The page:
THE COST OF EXILE
Adapted by Immanuel Meyer and Binyamin Frankel
Translated by David Strauss
Dedicated by the Etshalom and Wise families in memory of
Mrs. Miriam Wise z"l, Miriam bat Yitzhak veRivkah, 9 Tevet.
Yehi Zikhra Barukh
A Hebrew Man
At first glance, the story of Yosef and his brothers seems to have a happy end, with the family reuniting in Egypt and Yosef tending to all of his family's needs. As we shall see, however, Yosef is characterized by tragedy.
The Midrash in Devarim Rabba describes the difference between Moshe and Yosef. While Moshe is buried in the plains of Moav, Yosef merits being buried in the land of Israel. Why did Yosef merit that which Moshe did not? The Midrash explains that Moshe made no effort to identify himself as a Jew, a Hebrew, an Israelite. When the daughters of Yitro first see him, they describe him as an Egyptian: “And they said: An Egyptian man delivered us out of the hand of the shepherds” (Shemot 2:19).
In contrast, Yosef repeatedly emphasizes his identity. He feels his Jewish, Israelite identity in every fiber of his body. Thus, for example, he describes himself in his conversation with the chief butler and chief baker: “For indeed I was stolen away out of the land of the Hebrews” (Bereishit 40:15). So too in his encounter with Potifar's wife, Yosef decides to stand his ground. Here we must consider the great temptation he faced. The greatest temptation was, of course, Potifar's wife herself, who did everything she could to seduce Yosef. Beyond that, however, submitting to Potifar's wife would provide him with an opportunity to free himself of the slave status with which he was currently shackled. Yosef is aware of this opportunity, but he knows that such conduct would involve giving up his identity as an Israelite. Yosef successfully withstands the temptation, chooses to follow in the path of the image of his father, and stands firm in his Jewish identity.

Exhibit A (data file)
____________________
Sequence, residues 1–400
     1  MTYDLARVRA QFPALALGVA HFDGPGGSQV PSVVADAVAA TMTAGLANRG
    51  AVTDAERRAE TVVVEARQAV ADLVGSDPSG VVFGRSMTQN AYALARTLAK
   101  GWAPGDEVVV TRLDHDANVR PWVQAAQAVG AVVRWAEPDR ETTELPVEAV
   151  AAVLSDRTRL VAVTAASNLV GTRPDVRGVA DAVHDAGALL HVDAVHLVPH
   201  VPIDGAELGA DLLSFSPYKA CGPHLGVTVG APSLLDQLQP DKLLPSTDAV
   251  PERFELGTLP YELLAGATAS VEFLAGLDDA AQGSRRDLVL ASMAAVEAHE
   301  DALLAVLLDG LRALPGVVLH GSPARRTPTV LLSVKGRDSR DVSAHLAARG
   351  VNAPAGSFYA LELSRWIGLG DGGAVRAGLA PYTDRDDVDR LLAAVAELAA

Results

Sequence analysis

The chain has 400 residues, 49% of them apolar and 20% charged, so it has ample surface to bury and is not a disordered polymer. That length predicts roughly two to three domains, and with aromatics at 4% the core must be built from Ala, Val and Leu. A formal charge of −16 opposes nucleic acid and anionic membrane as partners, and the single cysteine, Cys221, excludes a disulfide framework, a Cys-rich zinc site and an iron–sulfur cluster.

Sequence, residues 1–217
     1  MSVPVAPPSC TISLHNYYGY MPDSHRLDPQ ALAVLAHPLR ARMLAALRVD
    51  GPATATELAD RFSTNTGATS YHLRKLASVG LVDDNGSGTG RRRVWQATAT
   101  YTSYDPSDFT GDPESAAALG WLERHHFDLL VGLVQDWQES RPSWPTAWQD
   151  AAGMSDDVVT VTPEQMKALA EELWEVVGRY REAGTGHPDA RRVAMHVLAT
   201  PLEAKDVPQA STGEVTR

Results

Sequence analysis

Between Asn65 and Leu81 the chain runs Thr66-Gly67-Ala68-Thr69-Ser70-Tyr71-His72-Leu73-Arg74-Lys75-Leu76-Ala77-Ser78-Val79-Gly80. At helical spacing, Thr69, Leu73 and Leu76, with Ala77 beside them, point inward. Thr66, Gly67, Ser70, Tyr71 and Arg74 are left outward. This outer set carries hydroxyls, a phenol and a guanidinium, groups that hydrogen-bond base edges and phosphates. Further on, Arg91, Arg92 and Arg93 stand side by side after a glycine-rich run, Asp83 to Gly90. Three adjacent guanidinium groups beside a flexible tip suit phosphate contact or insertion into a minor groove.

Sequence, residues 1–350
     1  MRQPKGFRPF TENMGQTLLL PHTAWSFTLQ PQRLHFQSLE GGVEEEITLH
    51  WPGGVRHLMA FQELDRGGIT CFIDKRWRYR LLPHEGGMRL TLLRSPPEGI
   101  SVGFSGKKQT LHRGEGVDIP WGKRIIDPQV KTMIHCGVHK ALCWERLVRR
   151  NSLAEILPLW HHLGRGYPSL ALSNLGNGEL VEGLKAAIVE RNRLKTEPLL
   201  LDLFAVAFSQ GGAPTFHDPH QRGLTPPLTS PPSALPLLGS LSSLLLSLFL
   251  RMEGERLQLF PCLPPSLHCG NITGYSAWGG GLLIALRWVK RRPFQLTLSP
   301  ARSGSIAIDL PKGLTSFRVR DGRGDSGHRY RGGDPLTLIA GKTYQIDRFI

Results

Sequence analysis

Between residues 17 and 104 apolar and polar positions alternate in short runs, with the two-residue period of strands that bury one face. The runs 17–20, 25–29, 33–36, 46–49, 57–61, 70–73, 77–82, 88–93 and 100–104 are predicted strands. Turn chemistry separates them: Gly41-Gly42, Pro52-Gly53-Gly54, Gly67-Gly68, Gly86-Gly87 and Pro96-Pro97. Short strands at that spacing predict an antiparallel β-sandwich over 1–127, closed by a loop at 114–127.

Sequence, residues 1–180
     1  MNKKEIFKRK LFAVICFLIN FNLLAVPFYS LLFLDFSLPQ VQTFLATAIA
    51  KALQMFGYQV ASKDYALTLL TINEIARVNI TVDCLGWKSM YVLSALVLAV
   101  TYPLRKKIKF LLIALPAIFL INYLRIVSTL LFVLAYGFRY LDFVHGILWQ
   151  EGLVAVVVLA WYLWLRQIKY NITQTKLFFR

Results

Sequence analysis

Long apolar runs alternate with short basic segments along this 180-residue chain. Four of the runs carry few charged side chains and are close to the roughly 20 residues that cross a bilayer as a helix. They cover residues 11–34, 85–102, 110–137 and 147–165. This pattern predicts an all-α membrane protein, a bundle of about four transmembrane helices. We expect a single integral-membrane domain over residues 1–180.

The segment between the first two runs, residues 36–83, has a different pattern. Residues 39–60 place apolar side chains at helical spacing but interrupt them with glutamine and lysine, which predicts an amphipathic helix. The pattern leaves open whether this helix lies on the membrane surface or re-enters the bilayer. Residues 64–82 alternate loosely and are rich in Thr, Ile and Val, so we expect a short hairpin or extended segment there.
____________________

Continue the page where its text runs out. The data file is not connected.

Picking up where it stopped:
Perhaps the strongest expression of Yosef's Jewish identity is found in the part that he played in Yaakov's burial. Yaakov, who enjoyed distinguished standing as the father of the ruler, asked to be buried in the land of Israel. The Midrash describes a conversation between Yosef and Pharaoh, the latter trying to have Yaakov buried in Egypt. Yosef manages to push Pharaoh into the corner, and to bury Yaakov in the land of Israel.
The significance of burial specifically in the land of Israel and not in Egypt is great. Baron Rothschild's decision to be buried in Zichron Yaakov, and not in Europe, raised a commotion among the highest officials in the French government, who could not understand how a person who was so attached to their country could choose to be buried in the land of Israel. Choosing to be buried in a particular country attests to a person's identification with that country. The meaning of Yosef's request of Pharaoh to allow him to bury his father in the land of Israel is that despite his connection to Egypt and his sense of belonging to Pharaoh and to Egyptian culture, in the end, Egypt is not his country and he belongs elsewhere. He is a Hebrew from the land of the Hebrews. Yosef merited and his own request was fulfilled: he too was buried in the land of Israel.